IN PHOTOS

Indian widows colorfully break a 400-year-old taboo to celebrate the festival of Holi

Quartz india
Quartz india

On March 21, thousands of widowed women gathered at temples in Vrindavan in the north Indian state of Uttar Pradesh to celebrate the spring festival of Holi. In doing so, they violated a 400-year-old Hindu tradition.

Orthodox Hinduism demands that women renounce earthly pleasures after the death of their husbands and live out their days in worship. These women often are ostracised by the society and considered cursed. Typically, Holi—like most other festivals and auspicious ceremonies—is forbidden for Hindu widows, as it is believed that their involvement would bring bad luck for others. Widows are expected to dress only in white, and to stay away from the festival of colours.

This is not the first time these widows have celebrated Holi in recent times, but it is not a widely accepted practice.

Widows daubed in colours dance as they take part in the Holi celebrations organised by non-governmental organisation Sulabh International at a temple at Vrindavan, in the northern state of Uttar Pradesh, India, March 21, 2016.
A widow daubed in colours dances during Holi celebrations at a temple at Vrindavan in Uttar Pradesh, India. (Reuters/Anindito Mukherjee)
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Indian Hindu widows throw flower petals and coloured powder during Holi celebrations. (AP Photo/Manish Swarup)
India-Widows-Holi
An Indian Hindu widow smeared with colours sits and watches others playing during Holi celebrations. (AP Photo/Manish Swarup)

Though some of the old traditions related to widows have faded out in the metropolitan cities in India, they are still followed strictly in several of the country’s rural areas.

“Times have changed for the good. People no longer look at us as a curse. When I see these young children having no inhibitions in sharing their joys with women like me, I feel very happy,” Rasia, who lost her husband at the age of 17 and is now 65, told The Times of India during the Holi celebrations in Vrindavan.

A widow daubed in colours sings religious songs as she takes part in the Holi celebrations organised by non-governmental organisation Sulabh International at a temple at Vrindavan, in the northern state of Uttar Pradesh, India, March 21, 2016. Traditionally in Hindu culture, widows are expected to renounce earthly pleasure so they do not celebrate Holi. But women at the shelter for widows, who have been abandoned by their families, celebrated the festival by throwing flowers and coloured powder. Holi, also known as the Festival of Colours, heralds the beginning of spring and is celebrated all over India.
A widow sings religious songs as she takes part in the Holi celebrations. (Reuters/Anindito Mukherjee)
India-Widows-Holi
A widow covered in colours sings religious songs as she takes part in the Holi celebrations. (Reuters/Anindito Mukherjee)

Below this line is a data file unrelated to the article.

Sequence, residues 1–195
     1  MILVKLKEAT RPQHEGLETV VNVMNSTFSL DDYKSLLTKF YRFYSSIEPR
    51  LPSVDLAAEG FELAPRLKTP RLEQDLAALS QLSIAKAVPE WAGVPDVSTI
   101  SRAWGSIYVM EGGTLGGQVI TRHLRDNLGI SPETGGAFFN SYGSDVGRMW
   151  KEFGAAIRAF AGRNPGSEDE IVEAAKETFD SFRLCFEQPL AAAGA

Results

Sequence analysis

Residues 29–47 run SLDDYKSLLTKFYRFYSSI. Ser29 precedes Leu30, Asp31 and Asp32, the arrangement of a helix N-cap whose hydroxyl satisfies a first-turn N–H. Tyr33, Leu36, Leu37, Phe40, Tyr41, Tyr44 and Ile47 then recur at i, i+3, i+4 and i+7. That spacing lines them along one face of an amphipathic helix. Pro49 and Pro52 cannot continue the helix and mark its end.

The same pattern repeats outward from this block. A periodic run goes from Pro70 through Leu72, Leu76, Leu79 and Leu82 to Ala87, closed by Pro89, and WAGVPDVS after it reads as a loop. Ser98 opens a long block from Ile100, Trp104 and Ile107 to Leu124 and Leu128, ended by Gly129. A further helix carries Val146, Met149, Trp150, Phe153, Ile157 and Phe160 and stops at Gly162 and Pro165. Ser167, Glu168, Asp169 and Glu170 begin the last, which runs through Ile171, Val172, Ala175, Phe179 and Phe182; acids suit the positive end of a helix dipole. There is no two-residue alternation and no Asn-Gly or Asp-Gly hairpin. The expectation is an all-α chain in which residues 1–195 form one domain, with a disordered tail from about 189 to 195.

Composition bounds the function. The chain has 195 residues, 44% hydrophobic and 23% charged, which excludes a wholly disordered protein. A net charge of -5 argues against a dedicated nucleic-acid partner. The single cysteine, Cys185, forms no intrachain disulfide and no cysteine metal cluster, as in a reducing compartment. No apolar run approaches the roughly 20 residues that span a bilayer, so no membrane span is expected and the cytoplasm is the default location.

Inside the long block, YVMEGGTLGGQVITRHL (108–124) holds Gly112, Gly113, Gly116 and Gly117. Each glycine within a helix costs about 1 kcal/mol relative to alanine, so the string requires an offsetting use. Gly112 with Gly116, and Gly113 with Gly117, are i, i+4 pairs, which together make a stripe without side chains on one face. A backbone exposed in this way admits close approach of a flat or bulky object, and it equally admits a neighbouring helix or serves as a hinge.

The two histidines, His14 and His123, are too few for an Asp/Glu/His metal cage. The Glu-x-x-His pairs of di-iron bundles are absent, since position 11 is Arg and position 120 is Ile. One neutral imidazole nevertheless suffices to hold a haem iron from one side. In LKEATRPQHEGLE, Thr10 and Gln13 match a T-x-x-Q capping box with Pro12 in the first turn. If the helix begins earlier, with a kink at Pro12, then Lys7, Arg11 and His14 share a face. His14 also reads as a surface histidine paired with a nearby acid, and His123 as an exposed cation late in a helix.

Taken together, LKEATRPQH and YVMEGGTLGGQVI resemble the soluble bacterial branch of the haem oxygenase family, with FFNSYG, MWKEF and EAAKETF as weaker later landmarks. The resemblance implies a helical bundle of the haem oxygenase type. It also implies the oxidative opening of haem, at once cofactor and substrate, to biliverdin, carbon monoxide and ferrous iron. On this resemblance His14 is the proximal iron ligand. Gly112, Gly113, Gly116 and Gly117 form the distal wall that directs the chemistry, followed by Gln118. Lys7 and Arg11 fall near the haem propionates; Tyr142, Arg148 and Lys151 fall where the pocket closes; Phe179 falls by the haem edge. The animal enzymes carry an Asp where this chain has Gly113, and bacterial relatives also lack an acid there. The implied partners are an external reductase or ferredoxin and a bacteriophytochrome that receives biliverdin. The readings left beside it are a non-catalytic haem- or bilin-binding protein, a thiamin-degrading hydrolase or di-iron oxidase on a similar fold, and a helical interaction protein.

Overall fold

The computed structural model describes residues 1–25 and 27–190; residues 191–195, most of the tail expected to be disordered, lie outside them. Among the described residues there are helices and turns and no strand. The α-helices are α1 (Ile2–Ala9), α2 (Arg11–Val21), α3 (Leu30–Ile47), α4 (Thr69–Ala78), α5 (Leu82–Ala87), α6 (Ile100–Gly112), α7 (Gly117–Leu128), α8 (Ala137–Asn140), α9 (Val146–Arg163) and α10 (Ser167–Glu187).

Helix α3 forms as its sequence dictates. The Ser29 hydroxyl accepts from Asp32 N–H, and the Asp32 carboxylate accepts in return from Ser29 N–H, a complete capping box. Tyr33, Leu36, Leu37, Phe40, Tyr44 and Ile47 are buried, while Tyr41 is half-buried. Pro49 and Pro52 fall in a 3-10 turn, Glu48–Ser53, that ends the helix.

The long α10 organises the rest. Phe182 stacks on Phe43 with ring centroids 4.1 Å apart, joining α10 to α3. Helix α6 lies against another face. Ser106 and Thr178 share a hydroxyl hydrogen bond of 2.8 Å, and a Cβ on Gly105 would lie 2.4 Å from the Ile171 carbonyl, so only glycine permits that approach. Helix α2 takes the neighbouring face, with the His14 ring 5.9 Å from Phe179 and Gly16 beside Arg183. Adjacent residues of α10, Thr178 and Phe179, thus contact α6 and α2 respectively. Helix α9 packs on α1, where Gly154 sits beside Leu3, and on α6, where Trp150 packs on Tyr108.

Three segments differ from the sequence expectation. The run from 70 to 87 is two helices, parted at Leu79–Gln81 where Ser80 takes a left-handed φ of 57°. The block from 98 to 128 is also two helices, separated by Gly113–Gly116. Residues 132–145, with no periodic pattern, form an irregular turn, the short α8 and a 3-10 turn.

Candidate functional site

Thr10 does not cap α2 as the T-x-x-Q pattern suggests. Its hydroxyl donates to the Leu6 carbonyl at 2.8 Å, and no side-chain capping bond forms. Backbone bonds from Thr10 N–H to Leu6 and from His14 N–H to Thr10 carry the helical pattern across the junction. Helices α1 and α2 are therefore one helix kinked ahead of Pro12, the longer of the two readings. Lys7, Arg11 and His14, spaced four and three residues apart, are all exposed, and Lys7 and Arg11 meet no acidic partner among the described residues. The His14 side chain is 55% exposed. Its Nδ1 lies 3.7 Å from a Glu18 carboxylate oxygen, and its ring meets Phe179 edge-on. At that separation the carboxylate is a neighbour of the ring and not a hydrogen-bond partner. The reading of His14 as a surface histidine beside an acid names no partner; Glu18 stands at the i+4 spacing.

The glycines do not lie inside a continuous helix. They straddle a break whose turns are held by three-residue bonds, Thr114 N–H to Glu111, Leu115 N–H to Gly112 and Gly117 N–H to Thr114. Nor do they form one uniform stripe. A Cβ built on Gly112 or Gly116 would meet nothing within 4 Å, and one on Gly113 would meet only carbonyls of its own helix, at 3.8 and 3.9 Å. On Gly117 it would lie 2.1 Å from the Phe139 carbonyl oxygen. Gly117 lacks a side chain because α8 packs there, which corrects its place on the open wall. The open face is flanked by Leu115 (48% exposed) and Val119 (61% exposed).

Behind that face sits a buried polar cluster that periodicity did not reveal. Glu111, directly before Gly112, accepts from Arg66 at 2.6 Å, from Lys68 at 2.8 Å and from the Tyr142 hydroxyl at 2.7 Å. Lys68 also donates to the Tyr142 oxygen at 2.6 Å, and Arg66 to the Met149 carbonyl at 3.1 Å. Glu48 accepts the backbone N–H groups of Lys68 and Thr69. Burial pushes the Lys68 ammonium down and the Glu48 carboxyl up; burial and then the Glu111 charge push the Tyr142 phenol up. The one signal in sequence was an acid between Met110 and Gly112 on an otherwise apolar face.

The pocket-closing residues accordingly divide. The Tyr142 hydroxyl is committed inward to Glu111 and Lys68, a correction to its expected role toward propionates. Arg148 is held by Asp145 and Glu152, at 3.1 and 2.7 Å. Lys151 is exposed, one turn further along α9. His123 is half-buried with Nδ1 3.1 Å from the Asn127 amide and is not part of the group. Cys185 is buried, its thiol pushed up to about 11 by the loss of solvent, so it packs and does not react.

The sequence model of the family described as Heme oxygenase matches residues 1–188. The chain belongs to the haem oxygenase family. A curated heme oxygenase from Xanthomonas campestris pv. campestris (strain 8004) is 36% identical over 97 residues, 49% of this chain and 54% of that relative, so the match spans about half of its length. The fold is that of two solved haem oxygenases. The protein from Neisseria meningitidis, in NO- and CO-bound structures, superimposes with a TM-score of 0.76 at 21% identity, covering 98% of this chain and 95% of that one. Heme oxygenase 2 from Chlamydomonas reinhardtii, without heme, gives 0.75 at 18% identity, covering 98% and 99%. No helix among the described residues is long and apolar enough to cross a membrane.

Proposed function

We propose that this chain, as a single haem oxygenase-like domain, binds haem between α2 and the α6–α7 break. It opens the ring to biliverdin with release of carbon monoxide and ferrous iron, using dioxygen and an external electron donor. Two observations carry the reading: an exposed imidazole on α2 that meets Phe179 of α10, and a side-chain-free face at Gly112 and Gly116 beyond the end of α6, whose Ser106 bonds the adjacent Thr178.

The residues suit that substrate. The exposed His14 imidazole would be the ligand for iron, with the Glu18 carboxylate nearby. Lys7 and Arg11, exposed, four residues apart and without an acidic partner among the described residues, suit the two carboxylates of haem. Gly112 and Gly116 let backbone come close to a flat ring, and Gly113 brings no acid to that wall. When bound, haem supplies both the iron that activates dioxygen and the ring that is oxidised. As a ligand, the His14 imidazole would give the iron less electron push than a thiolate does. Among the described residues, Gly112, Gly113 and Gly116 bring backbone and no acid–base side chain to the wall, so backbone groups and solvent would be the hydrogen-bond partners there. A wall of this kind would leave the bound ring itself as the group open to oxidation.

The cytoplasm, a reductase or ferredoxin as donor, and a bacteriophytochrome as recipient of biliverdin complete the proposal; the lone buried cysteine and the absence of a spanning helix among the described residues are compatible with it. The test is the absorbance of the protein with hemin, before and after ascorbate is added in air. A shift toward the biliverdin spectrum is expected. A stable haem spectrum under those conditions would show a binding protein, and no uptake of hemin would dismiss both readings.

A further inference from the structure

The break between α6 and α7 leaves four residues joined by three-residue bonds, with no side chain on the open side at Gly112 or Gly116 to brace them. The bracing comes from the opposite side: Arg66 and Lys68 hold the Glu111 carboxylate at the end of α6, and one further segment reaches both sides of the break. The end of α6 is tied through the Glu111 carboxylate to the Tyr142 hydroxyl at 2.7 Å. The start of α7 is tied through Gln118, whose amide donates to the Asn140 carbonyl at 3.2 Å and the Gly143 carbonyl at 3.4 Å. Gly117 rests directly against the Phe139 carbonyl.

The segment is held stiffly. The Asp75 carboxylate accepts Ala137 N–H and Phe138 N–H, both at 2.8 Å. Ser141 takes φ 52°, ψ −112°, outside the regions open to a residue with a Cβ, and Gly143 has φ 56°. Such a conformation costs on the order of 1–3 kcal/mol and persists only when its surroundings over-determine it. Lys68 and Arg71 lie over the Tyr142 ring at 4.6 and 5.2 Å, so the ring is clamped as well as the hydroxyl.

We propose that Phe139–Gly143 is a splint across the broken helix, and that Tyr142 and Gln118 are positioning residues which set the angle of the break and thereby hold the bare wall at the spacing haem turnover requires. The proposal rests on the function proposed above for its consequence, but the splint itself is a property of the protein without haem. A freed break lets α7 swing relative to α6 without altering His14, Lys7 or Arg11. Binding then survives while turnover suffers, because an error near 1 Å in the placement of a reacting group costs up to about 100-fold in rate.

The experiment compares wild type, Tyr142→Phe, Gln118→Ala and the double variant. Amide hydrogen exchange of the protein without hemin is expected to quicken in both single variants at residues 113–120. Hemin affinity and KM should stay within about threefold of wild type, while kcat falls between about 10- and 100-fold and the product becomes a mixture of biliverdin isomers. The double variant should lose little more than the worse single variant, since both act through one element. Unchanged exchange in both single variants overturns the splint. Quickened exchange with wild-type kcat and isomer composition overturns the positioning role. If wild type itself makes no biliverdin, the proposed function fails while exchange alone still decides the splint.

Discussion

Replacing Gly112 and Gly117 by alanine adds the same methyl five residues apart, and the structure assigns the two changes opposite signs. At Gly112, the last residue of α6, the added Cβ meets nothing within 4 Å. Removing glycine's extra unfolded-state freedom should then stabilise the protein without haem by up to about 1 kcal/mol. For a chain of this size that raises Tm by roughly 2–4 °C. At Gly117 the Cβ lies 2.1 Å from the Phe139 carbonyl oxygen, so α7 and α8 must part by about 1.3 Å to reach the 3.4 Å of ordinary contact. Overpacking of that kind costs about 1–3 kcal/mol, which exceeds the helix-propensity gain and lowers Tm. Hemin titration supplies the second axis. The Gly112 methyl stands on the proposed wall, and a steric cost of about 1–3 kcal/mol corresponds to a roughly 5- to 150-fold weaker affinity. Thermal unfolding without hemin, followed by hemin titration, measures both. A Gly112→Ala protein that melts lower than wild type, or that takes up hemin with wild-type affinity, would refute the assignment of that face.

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An Indian Hindu widow lies on a bed of flower petals during Holi celebrations. (AP Photo/Manish Swarup)
India-Widows-Holi
Traditionally in Hindu culture, widows are expected to renounce earthly pleasures, so they do not celebrate Holi. But women at a shelter for widows, who have been abandoned by their families, celebrated the festival by throwing flowers and coloured powder. (Reuters/Anindito Mukherjee)

Though it is legal, remarriage by widows is not a widely accepted practice among Hindus in several parts of India.

A 2009 Stanford University research paper (pdf) about Hindu widows says: “Widowhood in India is often described as a definitive and tragic moment in a women’s life—one in which her identity is stripped away with the death of her husband. As early as the second century BCE, the Laws of Manu, an influential text in Hindu scripture, had created a set of structured gender relations in the Brahmin caste. Included in the text are the statutes that a widow must remove all excess adornments, observe fasts, eat limited meals each day, forgo hot foods, replace the red sindoor (vermilion) on her forehead with ash from her husband’s funeral pyre, and observe tonsure. The same text also pronounces that a woman who is widowed cannot remarry.”

The paper adds, “This system of marriage places women in a situation of vulnerability after their husband’s death, particularly if they do not earn income: they can neither reintegrate with their parental family, nor do they necessarily receive adequate support to live contentedly in their husband’s village.”

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Indian Hindu widows pray before the start of Holi celebrations at the Gopinath temple, 180 km southeast of New Delhi. (AP Photo/Manish Swarup)
India-Widows-Holi
Thousands of women came out against centuries old practice and took part in the Holi celebrations this week at Vrindavan in the northern state of Uttar Pradesh. (Reuters/Anindito Mukherjee)
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An Indian Hindu widow throws flower petals and coloured powder at others during Holi celebrations. (AP Photo/Manish Swarup)
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Widows take a break during the Holi celebrations. (Reuters/Anindito Mukherjee)

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